Boxymcloxy1900 Wed 20-Jan-16 20:50:17

I pay 600pcm for wrap around care for dcs, dog care and cleaner.

These are the ones that I can actually count that I wouldn't pay for if I didn't work. Travel and clothes etc would also add in to that.

Gisla Wed 20-Jan-16 20:52:48

Why £100 a month on clothes? Were you not allowed to be seen in the same outfit twice?

ChessieFL Wed 20-Jan-16 21:22:26

Not a saving as such, but not working gives more time to do things like answer surveys for money.

Snog Wed 20-Jan-16 21:30:26

Dress £80
Shoes £80
Cardigan/jacket £60
Jewellery £20
Tights £10
Coat £150
Bag £60
Total £460 for one outfit - I probably had 6 or 7 different dresses for winter and the same for summer so no not exactly a different outfit each day.
Very normal for my kind of job, I needed to dress seriously and fairly formally.

Lots of people had far more expensive jewellery and bags than me!

Snog Wed 20-Jan-16 21:36:18

Chessie good thinking I can enter some competitions too thanks

Cindy34 Wed 20-Jan-16 21:51:43

Milk, coffee... Surprising how often it seems to be my turn to bring in the milk!

Boxymcloxy1900 Wed 20-Jan-16 21:54:23

Bloody leaving dos, birthdays etc. They really add up.

sooperdooper Wed 20-Jan-16 21:55:53

Still dont see how or why you had to spend £100 every month on new work clothes, once you've built up a formal work wardrobe it's not essential to spend on that every month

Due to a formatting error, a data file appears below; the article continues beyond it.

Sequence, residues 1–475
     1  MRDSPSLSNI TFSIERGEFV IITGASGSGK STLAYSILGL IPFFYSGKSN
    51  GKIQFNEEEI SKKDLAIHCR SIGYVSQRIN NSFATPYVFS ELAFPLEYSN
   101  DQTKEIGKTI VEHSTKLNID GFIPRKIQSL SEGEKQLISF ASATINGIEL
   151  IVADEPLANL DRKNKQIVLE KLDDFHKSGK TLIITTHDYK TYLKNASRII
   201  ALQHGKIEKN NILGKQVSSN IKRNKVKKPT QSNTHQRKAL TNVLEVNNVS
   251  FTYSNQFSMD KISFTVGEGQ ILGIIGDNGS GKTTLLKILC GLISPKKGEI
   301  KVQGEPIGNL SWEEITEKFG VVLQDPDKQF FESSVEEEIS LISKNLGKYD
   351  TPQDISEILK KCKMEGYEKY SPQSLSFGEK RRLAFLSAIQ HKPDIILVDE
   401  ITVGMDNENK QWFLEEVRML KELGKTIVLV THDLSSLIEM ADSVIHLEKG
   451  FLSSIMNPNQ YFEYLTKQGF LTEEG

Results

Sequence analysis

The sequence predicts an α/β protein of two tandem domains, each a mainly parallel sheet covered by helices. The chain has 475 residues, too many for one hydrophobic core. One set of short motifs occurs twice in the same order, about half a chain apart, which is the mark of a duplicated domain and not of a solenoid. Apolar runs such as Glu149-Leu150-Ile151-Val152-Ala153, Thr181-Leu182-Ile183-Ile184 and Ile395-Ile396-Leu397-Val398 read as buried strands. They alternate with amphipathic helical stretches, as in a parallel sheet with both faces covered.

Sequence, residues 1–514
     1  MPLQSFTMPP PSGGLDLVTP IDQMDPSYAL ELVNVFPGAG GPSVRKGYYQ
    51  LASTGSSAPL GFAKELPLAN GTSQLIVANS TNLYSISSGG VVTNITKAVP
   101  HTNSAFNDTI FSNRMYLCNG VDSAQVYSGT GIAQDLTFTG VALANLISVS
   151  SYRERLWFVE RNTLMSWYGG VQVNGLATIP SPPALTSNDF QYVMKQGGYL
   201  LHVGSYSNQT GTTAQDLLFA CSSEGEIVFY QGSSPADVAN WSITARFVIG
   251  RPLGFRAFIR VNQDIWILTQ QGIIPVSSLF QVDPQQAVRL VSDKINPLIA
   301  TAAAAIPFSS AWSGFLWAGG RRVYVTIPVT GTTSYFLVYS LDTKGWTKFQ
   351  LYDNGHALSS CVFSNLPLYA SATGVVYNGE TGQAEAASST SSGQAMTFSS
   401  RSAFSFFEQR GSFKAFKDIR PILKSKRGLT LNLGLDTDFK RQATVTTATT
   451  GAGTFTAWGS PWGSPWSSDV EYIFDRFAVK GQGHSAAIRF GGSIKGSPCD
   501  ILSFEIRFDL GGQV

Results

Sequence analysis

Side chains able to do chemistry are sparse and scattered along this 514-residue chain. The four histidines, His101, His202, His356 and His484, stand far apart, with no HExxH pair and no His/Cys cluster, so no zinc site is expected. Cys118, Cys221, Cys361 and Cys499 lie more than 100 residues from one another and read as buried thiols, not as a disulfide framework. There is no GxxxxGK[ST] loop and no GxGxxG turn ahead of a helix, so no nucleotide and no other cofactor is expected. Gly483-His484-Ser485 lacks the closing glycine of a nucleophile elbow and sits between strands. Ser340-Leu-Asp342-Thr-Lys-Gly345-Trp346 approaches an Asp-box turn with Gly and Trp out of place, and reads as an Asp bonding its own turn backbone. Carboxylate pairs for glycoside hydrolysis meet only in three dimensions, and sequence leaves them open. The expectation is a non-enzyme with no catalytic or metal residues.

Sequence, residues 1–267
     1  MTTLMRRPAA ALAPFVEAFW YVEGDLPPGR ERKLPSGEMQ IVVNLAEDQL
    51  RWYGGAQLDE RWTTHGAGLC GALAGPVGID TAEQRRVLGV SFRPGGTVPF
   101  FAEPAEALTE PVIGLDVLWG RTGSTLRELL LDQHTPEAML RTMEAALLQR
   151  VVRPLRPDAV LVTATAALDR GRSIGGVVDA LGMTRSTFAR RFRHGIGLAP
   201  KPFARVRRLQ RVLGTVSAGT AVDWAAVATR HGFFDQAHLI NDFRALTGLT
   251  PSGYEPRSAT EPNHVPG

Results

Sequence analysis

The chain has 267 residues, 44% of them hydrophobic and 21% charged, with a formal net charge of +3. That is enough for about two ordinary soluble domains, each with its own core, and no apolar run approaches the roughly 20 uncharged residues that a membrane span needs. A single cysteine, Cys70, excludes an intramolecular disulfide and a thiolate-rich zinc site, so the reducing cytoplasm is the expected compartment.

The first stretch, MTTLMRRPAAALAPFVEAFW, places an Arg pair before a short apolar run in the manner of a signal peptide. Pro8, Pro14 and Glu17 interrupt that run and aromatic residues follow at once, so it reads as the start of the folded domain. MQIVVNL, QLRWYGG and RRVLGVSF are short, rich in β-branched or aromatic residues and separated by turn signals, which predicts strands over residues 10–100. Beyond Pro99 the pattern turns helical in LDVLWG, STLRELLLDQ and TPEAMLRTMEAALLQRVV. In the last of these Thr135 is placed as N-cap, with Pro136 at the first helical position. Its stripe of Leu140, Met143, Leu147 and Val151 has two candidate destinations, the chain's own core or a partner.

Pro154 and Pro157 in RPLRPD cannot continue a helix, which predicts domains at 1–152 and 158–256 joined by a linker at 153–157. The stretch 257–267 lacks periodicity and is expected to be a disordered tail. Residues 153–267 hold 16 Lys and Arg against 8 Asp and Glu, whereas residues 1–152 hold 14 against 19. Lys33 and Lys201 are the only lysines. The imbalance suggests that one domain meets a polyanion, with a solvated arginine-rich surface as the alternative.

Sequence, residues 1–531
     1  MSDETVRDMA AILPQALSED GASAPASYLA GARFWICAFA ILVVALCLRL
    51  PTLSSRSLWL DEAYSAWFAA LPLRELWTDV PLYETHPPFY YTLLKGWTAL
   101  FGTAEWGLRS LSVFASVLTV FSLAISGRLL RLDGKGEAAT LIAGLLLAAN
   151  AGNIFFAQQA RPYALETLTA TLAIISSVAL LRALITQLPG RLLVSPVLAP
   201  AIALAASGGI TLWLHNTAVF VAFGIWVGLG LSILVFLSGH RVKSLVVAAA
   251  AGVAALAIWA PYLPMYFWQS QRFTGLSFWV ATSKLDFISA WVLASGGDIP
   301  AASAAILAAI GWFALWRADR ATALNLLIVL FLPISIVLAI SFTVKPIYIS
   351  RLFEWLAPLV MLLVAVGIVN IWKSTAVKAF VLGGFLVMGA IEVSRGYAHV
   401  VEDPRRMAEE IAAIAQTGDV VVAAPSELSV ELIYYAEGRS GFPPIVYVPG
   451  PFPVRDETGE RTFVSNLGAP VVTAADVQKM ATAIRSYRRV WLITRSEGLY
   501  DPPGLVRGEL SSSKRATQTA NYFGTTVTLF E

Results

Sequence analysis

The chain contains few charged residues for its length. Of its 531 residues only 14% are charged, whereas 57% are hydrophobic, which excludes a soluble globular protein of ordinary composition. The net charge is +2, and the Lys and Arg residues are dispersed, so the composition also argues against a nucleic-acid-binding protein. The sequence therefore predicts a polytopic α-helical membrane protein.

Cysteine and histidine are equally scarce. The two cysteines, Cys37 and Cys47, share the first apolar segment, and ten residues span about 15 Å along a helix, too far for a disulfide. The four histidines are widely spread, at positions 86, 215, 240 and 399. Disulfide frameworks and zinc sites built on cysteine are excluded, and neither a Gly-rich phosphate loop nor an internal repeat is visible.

BumWad Wed 20-Jan-16 21:58:35

Yea I hear you we seem to be doing remarkably well whilst on maternity leave, travel is the biggie for us and a Costa breakfast every morning

bloodyteenagers Wed 20-Jan-16 22:03:21

Surely that's optional.
I don't spent £1200 a year on clothing and footwear for myself. I have two work wardrobes the smart and the everyday. I don't buy a new coat every month. I bought a classic coat 3 years ago for around £60 (sales) and still wear.

You choose to spend x on lunches. You could do what a lot do, take from home. Like cook extra dinner and have left overs for lunch.

You choose to spend X on cards and gifts.

Piss up and works do are optional.

Christmas gifts for team.. Spent a fiver on secret Santa.

The only cost of working is childcare and travel. The rest is what the person chooses
To spend.

Mislou Thu 21-Jan-16 05:38:24

Make up and hair savings.When I worked I'D spend lots of money on product to tame my frizzy curls, to look more professional. Now I just leave conditioner in, or wear a bun. Don't bother with makeup if staying home or meeting people I feel comfortable with so it lasts so much longer.